Throughout your life, music has been your background.

Hear the first notes of “Baby Love,” and you’re 10 years old, sitting on your back steps in the sun. Listen to the opening of “Hot Stuff,” and you’re doin’ the Hustle in your memories. Hear “Chances Are,” and you’re ready for cuddling.

But what plays in the background for those same singers? Read “My Life, As I See It: An Autobiography” (c.2010, Atria Books, $25.99 / $29.99 Canada, 384 pages, includes discography) by Dionne Warwick, and you might find out.

Born just before World War II, Marie Dionne Warrick (not Warwick) was raised in a diverse neighborhood where everyone got along despite their differences. Warrick (who always went by her middle name) loved to perform, and her grandfather, a minister, gave her the confidence to sing in church.

Many in Warrick’s family possessed musical talent, and some of them performed as The Drinkard Singers. In high school, Warrick formed The Gospelaires, and that group was asked to do studio backup for other acts.

But Warrick stood out from the rest and was invited to sing and record on her own. By accident, one of her first record’s labels was released with a misspelling, and the singer became officially known as Dionne Warwick.

Throughout her career, Warwick worked with some of music’s best-known singers and songwriters. In this book, she writes about her early years and how she worked with Burt Bacharach and Hal David–the “triangle marriage that worked”–until it ended in lawsuits.

She writes about rivals: How she never saw Diana Ross display the attitude she is famous for; how she “was through” with Barbra Streisand and her seeming indifference towards her audience, and how young, up-and-coming female performers should dress better and with more class. She also writes about spoiling her cousin Whitney Houston, and supporting Houston’s career goals.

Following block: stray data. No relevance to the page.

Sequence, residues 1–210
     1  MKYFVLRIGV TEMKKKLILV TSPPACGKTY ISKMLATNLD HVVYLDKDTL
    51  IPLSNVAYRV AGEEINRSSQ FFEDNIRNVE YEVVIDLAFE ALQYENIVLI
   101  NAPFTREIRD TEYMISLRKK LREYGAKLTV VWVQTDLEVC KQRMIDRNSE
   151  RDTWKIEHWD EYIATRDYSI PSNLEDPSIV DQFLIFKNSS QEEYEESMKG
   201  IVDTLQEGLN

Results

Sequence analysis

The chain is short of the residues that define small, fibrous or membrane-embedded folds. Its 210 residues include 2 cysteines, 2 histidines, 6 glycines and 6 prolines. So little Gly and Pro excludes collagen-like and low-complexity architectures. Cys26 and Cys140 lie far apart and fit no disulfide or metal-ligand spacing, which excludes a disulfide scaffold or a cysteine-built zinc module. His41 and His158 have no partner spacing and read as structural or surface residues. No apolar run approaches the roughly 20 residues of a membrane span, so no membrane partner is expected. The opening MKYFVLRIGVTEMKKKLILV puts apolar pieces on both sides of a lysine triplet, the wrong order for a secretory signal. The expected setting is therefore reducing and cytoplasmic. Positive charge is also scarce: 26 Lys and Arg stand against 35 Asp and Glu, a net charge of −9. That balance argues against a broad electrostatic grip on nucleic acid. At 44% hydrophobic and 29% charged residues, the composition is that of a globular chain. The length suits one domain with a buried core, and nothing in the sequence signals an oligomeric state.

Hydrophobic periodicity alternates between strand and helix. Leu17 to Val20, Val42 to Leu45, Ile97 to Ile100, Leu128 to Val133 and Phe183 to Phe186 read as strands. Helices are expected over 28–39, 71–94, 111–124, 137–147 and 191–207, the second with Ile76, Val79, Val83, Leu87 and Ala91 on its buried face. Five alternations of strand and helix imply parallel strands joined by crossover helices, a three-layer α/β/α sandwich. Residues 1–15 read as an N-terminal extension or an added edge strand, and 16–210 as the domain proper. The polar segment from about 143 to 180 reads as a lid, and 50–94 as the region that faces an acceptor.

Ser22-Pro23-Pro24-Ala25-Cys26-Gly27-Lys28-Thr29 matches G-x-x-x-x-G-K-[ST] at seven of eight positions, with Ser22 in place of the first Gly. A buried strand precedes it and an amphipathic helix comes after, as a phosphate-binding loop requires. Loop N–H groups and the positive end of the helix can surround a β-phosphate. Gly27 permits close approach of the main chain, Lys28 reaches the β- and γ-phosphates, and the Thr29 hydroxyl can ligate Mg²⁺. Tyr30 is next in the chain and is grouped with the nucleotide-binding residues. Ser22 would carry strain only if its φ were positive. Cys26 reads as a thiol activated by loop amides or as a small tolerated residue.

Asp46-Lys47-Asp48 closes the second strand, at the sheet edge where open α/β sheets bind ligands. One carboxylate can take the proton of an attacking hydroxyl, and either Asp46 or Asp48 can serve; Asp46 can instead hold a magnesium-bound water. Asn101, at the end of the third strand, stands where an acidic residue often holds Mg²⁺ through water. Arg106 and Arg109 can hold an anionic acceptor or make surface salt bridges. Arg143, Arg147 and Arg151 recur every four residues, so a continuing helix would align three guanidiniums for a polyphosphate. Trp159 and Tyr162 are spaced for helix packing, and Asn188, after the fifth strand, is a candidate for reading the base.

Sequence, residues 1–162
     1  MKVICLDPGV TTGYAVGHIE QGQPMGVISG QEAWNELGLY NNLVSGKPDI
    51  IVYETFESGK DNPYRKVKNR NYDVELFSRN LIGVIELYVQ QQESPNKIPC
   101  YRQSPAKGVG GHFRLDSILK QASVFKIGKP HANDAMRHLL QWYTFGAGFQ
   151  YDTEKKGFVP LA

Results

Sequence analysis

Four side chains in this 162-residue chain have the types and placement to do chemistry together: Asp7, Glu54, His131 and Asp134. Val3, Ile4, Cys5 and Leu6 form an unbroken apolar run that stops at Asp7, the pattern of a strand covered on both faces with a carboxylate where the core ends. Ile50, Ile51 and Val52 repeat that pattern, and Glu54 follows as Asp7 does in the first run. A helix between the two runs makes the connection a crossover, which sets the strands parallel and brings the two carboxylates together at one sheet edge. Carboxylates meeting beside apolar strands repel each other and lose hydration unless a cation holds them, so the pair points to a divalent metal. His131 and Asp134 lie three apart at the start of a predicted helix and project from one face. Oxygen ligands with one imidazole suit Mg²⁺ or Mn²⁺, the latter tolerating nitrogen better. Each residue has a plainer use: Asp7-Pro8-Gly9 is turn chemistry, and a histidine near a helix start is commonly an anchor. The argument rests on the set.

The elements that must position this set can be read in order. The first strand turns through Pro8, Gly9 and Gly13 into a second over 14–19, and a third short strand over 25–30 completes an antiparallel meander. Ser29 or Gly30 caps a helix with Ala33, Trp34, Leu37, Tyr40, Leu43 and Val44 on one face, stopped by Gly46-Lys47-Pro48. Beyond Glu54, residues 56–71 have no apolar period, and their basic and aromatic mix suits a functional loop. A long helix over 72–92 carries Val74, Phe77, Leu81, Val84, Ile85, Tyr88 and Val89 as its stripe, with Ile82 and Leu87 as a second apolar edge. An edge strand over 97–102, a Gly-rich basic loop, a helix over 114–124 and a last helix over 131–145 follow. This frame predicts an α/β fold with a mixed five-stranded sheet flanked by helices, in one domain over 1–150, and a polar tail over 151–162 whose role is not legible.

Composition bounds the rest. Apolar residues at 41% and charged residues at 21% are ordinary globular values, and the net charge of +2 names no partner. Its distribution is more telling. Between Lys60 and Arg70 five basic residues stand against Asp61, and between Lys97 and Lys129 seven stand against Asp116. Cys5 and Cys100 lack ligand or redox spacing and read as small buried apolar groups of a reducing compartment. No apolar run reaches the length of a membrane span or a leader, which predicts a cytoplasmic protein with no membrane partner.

Warwick writes of mistakes (the infamous “e” she added to her last name on the advice of an astrologist, then dropped) and triumphs (re-energizing her career after disco almost killed it). And she writes of her passionate wish for an AIDS cure, and her tireless work toward that end.

The problem with “My Life, As I See It” is that it suffers from the same malady as do so many other stars’ autobiographies: That is, the seemingly incessant need to mention the names of every single person the writer ever worked with.

You can well imagine that, in her decades of performing, author Warwick worked with a lot of people. You can also imagine how tiresome it gets trying to slog through pages and pages of shout-outs and brief anecdotes. Warwick then goes further by acknowledging childhood friends, the likes of whom few readers will know or care about. Yes, there are some amusing stories in this book, but finding them is a dual lesson in archaeology and spelunking.

I think, if you’re a major died-in-the-wool, longtime fan of Dionne Warwick, you might want to peek at “My Life, As I See It.” For the rest of us, though, just “Walk On By.”